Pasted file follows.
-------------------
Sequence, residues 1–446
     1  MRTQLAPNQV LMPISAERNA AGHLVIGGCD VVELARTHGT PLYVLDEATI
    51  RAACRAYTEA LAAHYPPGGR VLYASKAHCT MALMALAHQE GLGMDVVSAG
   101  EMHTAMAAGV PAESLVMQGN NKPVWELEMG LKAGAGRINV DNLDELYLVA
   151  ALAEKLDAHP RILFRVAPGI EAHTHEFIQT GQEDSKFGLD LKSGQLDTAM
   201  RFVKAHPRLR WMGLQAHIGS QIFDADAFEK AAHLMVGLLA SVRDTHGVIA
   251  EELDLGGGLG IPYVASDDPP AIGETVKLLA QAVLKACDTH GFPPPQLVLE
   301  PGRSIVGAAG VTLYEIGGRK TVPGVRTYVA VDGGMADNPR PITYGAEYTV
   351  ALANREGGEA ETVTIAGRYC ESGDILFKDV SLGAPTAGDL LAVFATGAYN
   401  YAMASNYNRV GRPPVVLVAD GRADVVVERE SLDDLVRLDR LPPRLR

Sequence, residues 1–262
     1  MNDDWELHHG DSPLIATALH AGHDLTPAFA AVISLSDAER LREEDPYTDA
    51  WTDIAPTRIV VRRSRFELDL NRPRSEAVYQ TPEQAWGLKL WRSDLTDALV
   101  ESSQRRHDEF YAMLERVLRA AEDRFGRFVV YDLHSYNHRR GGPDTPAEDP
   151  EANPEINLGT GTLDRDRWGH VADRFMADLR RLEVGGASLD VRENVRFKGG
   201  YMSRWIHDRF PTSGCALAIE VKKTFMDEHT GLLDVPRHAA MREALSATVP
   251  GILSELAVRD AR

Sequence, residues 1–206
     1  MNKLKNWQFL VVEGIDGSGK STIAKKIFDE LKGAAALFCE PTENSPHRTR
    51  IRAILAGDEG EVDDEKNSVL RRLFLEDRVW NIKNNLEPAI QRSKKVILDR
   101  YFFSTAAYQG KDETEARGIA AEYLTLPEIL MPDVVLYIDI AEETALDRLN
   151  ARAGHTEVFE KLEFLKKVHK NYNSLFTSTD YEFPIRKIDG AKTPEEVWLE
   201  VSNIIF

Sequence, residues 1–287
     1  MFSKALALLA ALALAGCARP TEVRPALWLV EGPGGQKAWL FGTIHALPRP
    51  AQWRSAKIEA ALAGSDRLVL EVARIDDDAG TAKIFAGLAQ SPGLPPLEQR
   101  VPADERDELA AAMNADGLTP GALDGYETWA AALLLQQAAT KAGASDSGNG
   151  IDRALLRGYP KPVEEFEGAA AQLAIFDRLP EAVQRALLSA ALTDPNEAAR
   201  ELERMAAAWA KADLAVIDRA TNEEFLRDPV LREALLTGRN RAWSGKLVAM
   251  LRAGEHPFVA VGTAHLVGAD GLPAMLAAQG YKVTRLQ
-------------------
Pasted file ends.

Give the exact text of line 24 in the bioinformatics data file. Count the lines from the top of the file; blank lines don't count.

Sequence, residues 1–287